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Bin 46 Celebrates 4th Anniversary

June 18, 2015 was a red letter day for Candy Campbell. After twenty years of marketing in the food trade media and publicity business, she finally opened a restaurant of her own in Longmont. And now Bin 46 at 600 Longs Peak Avenue is celebrating its 4th anniversary.

This content was originally published by the Longmont Observer and is licensed under a Creative Commons license.

June 18, 2015 was a red letter day for Candy Campbell. After twenty years of marketing in the food trade media and publicity business, she finally opened a restaurant of her own in Longmont. And now, Bin 46 at 600 Longs Peak Avenue is celebrating its 4th anniversary. 

Although Campbell loved to cook, she knew that it wasn’t enough to ensure a successful restaurant business. We all know people who are great home cooks but would never be able to succeed in the unpredictable and fast-paced restaurant world.

Campbell wanted to ensure that the food she presented was of the highest quality and purchased as locally as possible. She describes that she was aspiring to create “elevated comfort food”. The somewhat over-used description “farm to table” was also what she was aiming at during the long preparation period and she wanted to be part of the Longmont business and neighborhood community.  She was able to move into the fairly new building on the northeast corner of Longs Peak Avenue and Coffman Street that had just been vacated by the Modena Wine Bar.

Candy Campbell in Bin 46. Photo: Julie Cardinal

Not only did Campbell have firm ideas about the type of food (and libations) she wanted to share, but she also wanted to cook in what she describes as a European Kitchen. There is no fryer, no induction stove tops, no hood and certainly no microwave. Not the easiest of environments to work in, but one that challenges the kitchen workers and furnishes them with pride in their work and the food they produce.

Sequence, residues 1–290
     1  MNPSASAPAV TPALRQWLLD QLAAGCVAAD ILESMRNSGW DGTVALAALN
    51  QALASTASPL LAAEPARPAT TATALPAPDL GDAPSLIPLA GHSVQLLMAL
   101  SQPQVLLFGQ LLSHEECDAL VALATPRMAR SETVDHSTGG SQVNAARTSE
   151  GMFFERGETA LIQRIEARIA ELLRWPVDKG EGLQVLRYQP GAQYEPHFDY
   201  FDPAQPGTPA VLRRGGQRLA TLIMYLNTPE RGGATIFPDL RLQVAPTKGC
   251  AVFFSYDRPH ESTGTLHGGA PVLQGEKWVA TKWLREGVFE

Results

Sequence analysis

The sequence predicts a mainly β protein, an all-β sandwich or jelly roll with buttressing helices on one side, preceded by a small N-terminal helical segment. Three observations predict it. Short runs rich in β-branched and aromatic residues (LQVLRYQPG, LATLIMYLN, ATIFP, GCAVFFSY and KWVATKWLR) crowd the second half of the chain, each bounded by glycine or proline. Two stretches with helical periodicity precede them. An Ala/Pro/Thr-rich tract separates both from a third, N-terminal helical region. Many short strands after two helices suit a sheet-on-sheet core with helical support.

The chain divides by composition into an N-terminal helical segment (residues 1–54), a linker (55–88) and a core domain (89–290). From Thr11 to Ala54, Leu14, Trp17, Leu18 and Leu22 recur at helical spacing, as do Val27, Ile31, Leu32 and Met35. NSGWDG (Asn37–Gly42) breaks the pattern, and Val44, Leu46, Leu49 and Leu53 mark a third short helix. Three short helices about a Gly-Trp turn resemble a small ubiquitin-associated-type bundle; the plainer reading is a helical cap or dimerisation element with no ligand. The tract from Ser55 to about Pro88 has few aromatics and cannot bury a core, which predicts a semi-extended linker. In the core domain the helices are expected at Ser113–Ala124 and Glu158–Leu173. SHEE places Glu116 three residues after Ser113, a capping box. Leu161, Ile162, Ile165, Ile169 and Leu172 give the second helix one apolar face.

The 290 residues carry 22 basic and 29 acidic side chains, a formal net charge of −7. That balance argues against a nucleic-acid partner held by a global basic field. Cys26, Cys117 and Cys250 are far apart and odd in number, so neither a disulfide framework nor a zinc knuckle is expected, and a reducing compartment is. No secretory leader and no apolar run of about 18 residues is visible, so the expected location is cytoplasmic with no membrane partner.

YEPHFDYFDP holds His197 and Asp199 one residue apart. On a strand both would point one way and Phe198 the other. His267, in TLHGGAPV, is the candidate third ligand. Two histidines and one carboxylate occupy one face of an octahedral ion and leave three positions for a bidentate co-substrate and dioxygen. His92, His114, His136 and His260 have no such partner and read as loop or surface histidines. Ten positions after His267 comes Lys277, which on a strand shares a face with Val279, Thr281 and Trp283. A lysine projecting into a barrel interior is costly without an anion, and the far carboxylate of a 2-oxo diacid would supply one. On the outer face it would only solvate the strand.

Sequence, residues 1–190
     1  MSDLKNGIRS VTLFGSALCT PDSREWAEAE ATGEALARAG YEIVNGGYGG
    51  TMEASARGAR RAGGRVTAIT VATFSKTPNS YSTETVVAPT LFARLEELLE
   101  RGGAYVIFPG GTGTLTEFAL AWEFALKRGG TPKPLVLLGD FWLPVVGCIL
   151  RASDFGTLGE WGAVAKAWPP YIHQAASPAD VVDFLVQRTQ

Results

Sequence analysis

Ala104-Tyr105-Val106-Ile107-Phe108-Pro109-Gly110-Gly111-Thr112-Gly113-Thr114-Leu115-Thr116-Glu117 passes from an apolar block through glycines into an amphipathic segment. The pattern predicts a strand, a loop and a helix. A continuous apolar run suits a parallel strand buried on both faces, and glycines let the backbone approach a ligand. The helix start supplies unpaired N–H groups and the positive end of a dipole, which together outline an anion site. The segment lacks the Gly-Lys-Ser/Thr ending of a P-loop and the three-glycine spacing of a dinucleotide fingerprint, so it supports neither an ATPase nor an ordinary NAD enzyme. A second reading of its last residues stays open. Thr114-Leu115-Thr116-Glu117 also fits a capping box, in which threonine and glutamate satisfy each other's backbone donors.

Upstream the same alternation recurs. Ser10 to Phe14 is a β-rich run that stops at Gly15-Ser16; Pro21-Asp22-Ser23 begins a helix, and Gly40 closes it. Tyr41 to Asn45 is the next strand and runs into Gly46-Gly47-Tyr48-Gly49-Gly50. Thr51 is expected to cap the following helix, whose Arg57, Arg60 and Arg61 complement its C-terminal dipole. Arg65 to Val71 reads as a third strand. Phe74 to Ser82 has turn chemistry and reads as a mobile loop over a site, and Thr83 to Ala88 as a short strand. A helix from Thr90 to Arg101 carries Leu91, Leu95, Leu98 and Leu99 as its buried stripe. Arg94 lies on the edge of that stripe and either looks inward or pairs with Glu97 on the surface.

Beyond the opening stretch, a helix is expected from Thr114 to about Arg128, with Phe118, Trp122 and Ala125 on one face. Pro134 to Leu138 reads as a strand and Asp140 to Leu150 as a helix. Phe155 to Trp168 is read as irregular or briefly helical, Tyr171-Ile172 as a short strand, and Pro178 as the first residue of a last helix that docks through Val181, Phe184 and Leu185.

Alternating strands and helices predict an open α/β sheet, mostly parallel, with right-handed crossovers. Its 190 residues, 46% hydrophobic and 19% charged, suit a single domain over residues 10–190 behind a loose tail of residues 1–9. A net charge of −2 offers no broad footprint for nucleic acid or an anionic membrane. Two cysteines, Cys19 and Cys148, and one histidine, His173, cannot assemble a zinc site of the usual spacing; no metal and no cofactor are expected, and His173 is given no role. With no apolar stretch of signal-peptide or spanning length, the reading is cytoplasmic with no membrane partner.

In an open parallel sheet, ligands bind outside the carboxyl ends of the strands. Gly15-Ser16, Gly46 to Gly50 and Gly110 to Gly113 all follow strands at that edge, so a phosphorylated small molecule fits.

Bin 46's menu certainly reflects Campbell's insistence on quality ingredients for her elevated comfort food, as well as an imaginative use of local ingredients used wherever possible.

The Pear Gorgonzola Salad contains candied pecans, honey and a blood orange vinaigrette, as well as the expected fresh mixed greens. And one of the most popular items on the spring menu has proved to be Beef Stroganoff. It's based on wagyu beef from the 7x Ranch in Hotchkiss, and includes Kingdom Come Farm mushrooms, local red onions and sour cream, served over pappardelle. Another favorite is the Lamb Rib Rack which is house smoked with rosemary and garlic and served with a traditional Tzatziki cucumber sauce, while the Lasagne is definitely not your grandmother's Lasagne.

Lasagne at Bin 46. Photo: Candy Campbell

The extensive wine list is equally impressive, with a total of 26 Cabernets Sauvignon, including fine selections from Opus One and Dominus, as well as some Argentine stars. It includes, perhaps surprisingly, a total of 16 Italian reds, presenting not only several fine Piedmont Barolo and Barbaresco wines, but also an interesting looking Amarone from the Veneto region. The current interest in Rosé wine is addressed with selections from California, Washington, Provence and the Veneto. And wine flights are offered, as well as over 30 fine wines by the glass.

Bin 46’s chef is now Leroy Alvarado, who joined Campbell over a year ago, leaving a stellar career in the Santa Fe restaurant world for the challenge of steering a very special, very new restaurant into the upper ranks of Longmont’s dining scene. He is ably assisted by four or five kitchen staff, including Campbell when necessary, as well as a team of first-rate dining room and bar personnel. It’s not every restaurant that has servers who can not only remember each of the four different oysters on offer, but also describe their individual tastes and flavors, and this during the Bin's popular Happy Hour from 3:00 to 5:30 daily.

Campbell and Alvarado have just returned from the Aspen Food and Wine Festival where, in addition to promoting Bin 46, they also introduced their catering business whimsically named BintoBox. Based on the traditional Japanese single portion take-out meal, BintoBox transfers the Bin 46 wholesome food ethos to catering for small or large groups, as well as take-out options. Sounds like a lunch box will never be the same.

Campbell is also looking to open another restaurant to serve the expanding south and west Longmont suburbs, which she feels currently lack the standard of Bin 46 menus, and is thinking about a Cuban Fusion theme. It would continue with the emphasis on fresh and local ingredients, but with an exciting twist.

Despite her plans for expansion and other related businesses, Campbell wants to continue to have Bin 46 as a vibrant part of the Longmont restaurant and business scene, co-operating with other restaurants, breweries, and distilleries to help make Downtown Longmont events more exciting and welcoming than they already are. And only one question remains to be answered – why the name Bin 46?  Simply that Campbell wanted to highlight the importance of fine wines to her restaurant, and she was 46 years old when she opened it.